Help, replacing flooring in 1970's house

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Old 01-15-20, 07:36 PM
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Help, replacing flooring in 1970's house

I'd like some help with info so I can make the right choice, I'm replacing all the flooring throughout my newly purchased 1970's house. I've removed pet stained carpet from 3 bedrooms, a hallway and a 14 step staircase, then of course the zillion staples left behind. Next was a tile floor in the kitchen, the large 16x18 pieces were tough to break up and led to a surprise layer of awesome mustard color linoleum. I finally have everything gone and I'm down to the plywood subfloor in every room. I bought laminate flooring from LL, hired installers and wasted 2 days with them saying they didn't know why but the pieces would not stay together. Bottom line, the floor is not level. I'm now going to install 3/4 x solid hardwood; I've been told I can simply install it to the subfloor, I've heard I need to apply a primer before a floor leveling compound followed by the hardwood flooring, lastly that I can skip the primer and go to the leveling compound and flooring. I clearly want to do this right so I'm asking for advice or ideas on what would be the correct steps to take for the best outcome.

Thank you in advance
 
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Old 01-15-20, 08:02 PM
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A few questions...

you say the subfloor is "plywood". How thick is the plywood subfloor?

And you do know what particle board is, dont you? I hope the subfloor isn't particle board... it was popular in the 70s. It's not suitable for anything other than the dumpster (total tearout).

you say the subfloor isn't level. (And you mean FLAT... it doesn't have to be level.) How bad is it? Because if you are installing a 3/4" wood floor, your installation instructions will tell you how much variation the floor can tolerate. (Such as ~3/16" in 8ft radius)

It's hard to give any recommendations sight unseen, since every subfloor is different in how you might go about preparing it. Some subfloor issues may be structural, so without knowing how bad the subfloor is, where it's bad, why its bad, etc... it's hard to give advice.

and I hope your linoleum didnt contain asbestos.
 
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Old 01-15-20, 08:41 PM
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Hi and thanks for responding.

1. Yes I know what plywood is, and it's 3/4 thick.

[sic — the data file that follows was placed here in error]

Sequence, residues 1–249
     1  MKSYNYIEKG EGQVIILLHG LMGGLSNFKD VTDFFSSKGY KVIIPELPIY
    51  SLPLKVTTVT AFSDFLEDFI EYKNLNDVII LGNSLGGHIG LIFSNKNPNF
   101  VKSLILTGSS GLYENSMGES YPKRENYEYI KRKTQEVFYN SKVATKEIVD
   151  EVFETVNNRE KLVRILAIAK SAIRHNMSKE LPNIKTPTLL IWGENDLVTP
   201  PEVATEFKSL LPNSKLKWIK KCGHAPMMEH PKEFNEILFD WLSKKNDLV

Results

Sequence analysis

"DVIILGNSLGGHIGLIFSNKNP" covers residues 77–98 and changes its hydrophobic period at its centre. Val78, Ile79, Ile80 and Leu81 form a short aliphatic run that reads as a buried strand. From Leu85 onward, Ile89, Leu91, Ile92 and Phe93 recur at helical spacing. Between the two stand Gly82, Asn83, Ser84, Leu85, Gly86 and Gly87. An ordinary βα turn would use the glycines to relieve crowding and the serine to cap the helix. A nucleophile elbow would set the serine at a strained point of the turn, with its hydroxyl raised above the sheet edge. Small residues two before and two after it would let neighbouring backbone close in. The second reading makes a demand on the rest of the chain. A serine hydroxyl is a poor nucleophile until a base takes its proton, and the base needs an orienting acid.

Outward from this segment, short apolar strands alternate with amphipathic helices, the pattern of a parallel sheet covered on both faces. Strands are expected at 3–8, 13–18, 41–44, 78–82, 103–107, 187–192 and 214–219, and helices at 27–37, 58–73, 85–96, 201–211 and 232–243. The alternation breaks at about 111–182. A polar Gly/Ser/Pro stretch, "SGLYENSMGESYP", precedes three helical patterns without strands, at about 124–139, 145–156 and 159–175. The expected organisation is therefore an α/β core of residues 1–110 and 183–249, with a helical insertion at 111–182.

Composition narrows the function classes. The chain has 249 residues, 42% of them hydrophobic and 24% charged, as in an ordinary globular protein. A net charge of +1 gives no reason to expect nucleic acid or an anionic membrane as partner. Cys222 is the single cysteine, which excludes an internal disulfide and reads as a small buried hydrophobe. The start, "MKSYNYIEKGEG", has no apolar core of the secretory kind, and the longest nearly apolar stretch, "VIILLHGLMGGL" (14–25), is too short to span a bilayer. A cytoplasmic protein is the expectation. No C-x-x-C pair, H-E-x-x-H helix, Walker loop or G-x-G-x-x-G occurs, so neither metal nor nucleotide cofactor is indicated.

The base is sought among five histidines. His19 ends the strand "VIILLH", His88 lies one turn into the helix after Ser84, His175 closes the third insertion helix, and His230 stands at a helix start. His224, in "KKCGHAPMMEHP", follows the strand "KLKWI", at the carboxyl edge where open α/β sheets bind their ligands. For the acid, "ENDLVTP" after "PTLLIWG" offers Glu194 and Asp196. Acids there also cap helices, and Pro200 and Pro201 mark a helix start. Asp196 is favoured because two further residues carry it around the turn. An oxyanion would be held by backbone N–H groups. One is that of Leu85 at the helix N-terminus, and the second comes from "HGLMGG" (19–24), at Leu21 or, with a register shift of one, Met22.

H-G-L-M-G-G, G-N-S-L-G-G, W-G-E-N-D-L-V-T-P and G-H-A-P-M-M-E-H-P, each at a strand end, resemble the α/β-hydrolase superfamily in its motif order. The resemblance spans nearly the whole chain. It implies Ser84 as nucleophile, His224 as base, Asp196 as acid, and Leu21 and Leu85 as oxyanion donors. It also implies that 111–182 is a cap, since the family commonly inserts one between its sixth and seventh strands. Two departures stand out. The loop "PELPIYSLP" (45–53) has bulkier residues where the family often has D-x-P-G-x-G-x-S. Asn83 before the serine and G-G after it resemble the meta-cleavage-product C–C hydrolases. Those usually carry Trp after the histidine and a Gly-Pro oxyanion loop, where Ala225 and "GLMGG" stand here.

2. No it's not partical board.
3. The plywood subfloor which isn't flat can tolerate a variation up to 3/16" in 10ft radius
4. The subfloor is not in poor condition, it's solid and has no areas where it sinks when one walks on it. It was only found to not be flat after a second expert came to try and determine the problem.
5. No the linoleum did not have asbestos, it was paper backed

So what I am interested in hearing about is does a primer need to be painted on the plywood before putting down the leveling compound; or can one use a leveling compound directly on the plywood. Lastly is there a preferred leveling compound for use with plywood and hardwood flooring?

Again, thank you for your time.
 

Last edited by pdstorace; 01-15-20 at 08:49 PM. Reason: Didn't respond to one question
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Old 01-15-20, 08:56 PM
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Your questions could have many answers, since much of that comes down to personal preference.

Whether or not you need a primer depends on the application instructions on the product you choose to use as your floor leveler. Personally I would not suggest you use anything that is cement based or that advertises itself as "self leveling". Instead, I'd use something that is acrylic and that remains flexible... such as Dap Flexible Floor Patch & Leveller. Apply it with a trowel or drywall knife after you outline the areas that need it, putting on roughly 1/8" at a time... too thick and it will have a hard time curing. It's not a fast dry product but it works well if you have just a few dips that need filling.
 
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Old 01-16-20, 03:31 AM
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If the pet stains soaked into the subfloor I would coat those areas with a solvent based primer to insure the urine odor won't return.
 
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Old 01-16-20, 08:06 AM
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before putting down the leveling compound
You mention leveling compound but have not elaborated what this is.

If your 3/4" wood your installing is nail down you have to be very careful that the pour down leveling compounds are compatible with nail down construction.

IMO there are better ways to manage level issues, felt paper all the way to shingles.
 
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Old 01-16-20, 09:09 AM
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Hi Marksr,

Thanks for responding, I already "painted" the floor and 2 feet up the walls with Kilz to be sure to cover any cat spray. That was a worry so took care of it, thanks.
 

Last edited by pdstorace; 01-16-20 at 09:15 AM. Reason: noted in wrong location
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Old 01-16-20, 02:58 PM
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Oil base Kilz, correct? I wouldn't trust latex Kilz to seal it long term.
 
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